Efficacy of Sleeping Aids (Melatonin) for Sleep Disturbances / Insomnia



  • May shorten the amount of time it takes to fall asleep by 12 minutes.
  • Does not appear to improve the percentage of time that a person actually spends sleeping.
  • Overall considered “safe”, side effects may include: headache, feelings of depression, daytime sleepiness, dizziness, stomach cramps, and irritability
  • Risks: bleeding disorders, depression, diabetes (effect on blood sugar), hypertension, seizure disorders, transplant recipients

Melatonin has been shown to demonstrate effectiveness as a sleep aid. In patients with traumatic brain injuries (TBI), randomized controlled trials have demonstrated promising results. Grima found melatonin supplementation among outpatients with mild to severe TBI reported improved sleep quality over a 4 week period. It also increased sleep efficiency on actigraphy measurements as well as vitality and mental health on SF-36 v1 questionnaire. Anxiety was decreased on the Hospital Anxiety Depression Scale.

So it appears that sleeping aids such as melatonin may be effective over a 4 week (1 month) period as a safe intervention. But what about long term effects? When considering supplements as an intervention, some patients may also be reluctant to taking supplements, especially if they already have a complicated medication list.

A recent study demonstrated melatonin tolerance effects in younger patients with chronic insomnia and a diagnosis of intellectual disability. Their sleep quality worsened a few weeks after a “good response” to melatonin treatment. According to the NIH, melatonin supplements appear to be safe when used short-term, but research inconclusive for long-term safety.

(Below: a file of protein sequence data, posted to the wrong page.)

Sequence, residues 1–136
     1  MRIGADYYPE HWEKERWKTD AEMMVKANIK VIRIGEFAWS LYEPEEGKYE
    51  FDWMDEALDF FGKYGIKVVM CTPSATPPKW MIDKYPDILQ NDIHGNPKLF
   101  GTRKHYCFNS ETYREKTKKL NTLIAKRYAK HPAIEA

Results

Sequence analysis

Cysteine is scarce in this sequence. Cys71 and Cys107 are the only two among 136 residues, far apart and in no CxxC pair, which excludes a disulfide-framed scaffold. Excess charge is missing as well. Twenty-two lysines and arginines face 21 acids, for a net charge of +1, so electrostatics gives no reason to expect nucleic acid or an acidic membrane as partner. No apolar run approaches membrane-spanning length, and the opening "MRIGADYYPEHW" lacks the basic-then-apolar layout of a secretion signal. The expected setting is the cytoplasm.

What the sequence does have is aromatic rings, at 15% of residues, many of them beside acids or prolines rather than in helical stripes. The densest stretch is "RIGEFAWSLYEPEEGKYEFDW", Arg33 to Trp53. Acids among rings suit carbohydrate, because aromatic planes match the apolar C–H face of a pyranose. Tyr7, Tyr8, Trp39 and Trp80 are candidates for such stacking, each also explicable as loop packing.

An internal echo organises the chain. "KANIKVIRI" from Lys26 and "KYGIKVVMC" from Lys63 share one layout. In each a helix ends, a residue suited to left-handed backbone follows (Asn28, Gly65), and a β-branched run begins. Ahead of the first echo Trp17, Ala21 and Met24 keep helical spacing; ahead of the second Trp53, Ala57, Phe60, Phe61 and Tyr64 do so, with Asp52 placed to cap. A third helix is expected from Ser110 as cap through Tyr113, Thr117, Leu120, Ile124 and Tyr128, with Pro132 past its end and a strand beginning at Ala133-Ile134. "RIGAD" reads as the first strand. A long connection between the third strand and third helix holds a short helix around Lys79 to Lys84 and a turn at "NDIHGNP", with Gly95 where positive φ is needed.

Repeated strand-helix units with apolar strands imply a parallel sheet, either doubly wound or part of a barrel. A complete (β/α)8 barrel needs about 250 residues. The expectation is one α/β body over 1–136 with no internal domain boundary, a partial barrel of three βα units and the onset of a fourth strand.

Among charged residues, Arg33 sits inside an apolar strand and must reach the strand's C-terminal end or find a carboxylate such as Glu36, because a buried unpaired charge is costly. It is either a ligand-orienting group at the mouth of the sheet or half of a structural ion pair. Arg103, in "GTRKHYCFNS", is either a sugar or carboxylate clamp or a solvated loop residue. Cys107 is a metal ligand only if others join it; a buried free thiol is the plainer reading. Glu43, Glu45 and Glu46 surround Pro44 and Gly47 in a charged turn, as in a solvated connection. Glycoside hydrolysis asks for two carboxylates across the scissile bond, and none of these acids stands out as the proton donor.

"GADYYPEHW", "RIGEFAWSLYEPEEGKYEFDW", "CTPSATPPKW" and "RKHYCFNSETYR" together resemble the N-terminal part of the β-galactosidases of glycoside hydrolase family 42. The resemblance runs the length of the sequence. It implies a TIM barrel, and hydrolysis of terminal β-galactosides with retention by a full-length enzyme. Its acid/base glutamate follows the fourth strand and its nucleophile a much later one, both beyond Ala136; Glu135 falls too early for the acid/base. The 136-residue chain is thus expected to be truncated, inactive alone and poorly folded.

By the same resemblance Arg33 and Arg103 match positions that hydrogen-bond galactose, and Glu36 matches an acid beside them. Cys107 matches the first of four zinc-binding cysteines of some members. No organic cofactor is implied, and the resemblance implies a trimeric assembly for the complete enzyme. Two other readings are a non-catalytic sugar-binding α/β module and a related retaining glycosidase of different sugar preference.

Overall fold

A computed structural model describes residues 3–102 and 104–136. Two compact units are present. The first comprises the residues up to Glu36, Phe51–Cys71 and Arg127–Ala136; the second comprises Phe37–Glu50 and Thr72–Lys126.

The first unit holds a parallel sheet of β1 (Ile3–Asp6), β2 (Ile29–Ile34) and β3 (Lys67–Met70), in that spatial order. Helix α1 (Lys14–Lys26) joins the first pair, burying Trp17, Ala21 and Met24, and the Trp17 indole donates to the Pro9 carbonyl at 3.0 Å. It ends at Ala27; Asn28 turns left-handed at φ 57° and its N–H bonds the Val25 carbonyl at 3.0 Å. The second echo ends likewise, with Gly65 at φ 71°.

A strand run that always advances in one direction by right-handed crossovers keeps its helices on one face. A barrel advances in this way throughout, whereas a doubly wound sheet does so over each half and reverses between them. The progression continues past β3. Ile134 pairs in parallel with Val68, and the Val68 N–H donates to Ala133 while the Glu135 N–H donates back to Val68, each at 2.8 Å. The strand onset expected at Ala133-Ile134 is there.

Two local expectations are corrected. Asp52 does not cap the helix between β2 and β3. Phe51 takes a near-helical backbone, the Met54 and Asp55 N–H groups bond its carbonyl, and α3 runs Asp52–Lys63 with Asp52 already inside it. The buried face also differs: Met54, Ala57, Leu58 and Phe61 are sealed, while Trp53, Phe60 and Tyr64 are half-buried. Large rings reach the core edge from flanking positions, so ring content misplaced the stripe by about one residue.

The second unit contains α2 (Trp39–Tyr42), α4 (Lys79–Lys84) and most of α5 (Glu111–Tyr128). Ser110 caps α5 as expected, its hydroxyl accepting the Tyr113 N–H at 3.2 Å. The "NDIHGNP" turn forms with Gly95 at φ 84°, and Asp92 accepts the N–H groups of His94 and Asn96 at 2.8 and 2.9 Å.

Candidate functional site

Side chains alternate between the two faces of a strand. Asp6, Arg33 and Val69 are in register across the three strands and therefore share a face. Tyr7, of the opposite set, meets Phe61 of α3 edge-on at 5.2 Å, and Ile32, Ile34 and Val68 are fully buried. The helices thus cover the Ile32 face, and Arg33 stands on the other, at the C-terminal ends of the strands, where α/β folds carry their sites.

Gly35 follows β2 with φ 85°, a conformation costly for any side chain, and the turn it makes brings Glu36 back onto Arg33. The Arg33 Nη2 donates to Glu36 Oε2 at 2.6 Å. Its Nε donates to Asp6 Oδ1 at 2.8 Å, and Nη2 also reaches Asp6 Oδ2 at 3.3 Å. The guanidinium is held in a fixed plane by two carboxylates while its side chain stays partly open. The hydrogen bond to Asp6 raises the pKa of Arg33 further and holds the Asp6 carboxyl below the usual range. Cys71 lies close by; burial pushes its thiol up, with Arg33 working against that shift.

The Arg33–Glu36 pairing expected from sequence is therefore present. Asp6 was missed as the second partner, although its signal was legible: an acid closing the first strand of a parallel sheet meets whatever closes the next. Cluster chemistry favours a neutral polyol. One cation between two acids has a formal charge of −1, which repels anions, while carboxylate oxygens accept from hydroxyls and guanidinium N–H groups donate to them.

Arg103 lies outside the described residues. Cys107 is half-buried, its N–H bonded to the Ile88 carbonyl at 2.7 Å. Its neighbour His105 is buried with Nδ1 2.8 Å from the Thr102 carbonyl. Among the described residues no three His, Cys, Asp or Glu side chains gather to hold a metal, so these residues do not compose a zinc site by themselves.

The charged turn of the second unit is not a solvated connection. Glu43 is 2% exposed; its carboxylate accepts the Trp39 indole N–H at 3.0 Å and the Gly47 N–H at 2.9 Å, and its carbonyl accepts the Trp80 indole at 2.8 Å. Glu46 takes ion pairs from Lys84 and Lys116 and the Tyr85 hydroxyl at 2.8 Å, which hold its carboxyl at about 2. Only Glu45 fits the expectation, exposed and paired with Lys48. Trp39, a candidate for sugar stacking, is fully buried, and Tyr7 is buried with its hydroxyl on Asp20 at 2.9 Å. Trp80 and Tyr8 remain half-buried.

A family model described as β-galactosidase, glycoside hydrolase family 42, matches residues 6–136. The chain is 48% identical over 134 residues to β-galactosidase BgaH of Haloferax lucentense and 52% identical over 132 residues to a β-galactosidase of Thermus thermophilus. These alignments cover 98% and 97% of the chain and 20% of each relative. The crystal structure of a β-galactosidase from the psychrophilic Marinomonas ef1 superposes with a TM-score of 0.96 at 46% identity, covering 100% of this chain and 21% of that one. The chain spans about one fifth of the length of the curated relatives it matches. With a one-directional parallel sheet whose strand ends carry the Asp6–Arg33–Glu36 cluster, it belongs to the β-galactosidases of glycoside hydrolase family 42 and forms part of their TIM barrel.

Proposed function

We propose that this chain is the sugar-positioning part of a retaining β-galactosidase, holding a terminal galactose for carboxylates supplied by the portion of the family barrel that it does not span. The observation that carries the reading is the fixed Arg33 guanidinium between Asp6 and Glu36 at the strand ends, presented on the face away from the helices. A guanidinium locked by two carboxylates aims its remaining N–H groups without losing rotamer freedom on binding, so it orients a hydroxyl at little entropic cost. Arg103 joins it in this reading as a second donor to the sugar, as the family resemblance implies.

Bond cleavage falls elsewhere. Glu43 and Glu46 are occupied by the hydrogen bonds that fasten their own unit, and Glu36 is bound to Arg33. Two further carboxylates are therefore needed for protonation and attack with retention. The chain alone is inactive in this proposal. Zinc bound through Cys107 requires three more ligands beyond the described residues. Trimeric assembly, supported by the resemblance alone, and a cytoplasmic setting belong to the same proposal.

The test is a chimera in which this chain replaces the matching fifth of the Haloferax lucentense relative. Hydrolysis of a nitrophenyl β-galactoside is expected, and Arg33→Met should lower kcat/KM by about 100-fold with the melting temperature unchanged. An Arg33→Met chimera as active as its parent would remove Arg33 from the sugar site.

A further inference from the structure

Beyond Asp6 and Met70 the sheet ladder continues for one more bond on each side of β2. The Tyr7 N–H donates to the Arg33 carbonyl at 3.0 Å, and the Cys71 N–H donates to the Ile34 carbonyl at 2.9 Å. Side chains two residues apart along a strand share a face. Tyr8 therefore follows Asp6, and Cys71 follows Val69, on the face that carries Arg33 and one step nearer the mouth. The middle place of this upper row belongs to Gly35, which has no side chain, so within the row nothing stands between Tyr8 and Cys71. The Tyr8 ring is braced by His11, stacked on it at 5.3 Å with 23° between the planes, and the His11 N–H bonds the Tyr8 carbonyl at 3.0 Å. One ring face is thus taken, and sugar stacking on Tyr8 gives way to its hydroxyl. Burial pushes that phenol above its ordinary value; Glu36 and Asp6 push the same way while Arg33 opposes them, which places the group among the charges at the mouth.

Alternative Interventions for Sleep Disturbances

  • Cognitive Behavioral Therapy for Insomnia (CBTI)
    • “Sleep diary data amongst patients with TBI and comorbid insomnia following CBT-I is consistent with the wider literature, which strongly supports the efficacy of CBT-I as the standard treatment for insomnia” (Bogdanov).
  • Blue Light Therapy


Bogdanov, S., Naismith, S., & Lah, S. (2017). Sleep outcomes following sleep-hygiene-related interventions for individuals with traumatic brain injury: A systematic review. Brain injury31(4), 422-433.

Braam, W., Van Geijlswijk, I., Keijzer, H., Smits, M. G., Didden, R., & Curfs, L. M. (2010). Loss of response to melatonin treatment is associated with slow melatonin metabolism. Journal of Intellectual Disability Research54(6), 547-555.

Grima, N. A., Rajaratnam, S. M., Mansfield, D., Sletten, T. L., Spitz, G., & Ponsford, J. L. (2018). Efficacy of melatonin for sleep disturbance following traumatic brain injury: a randomised controlled trial. BMC medicine16(1), 8.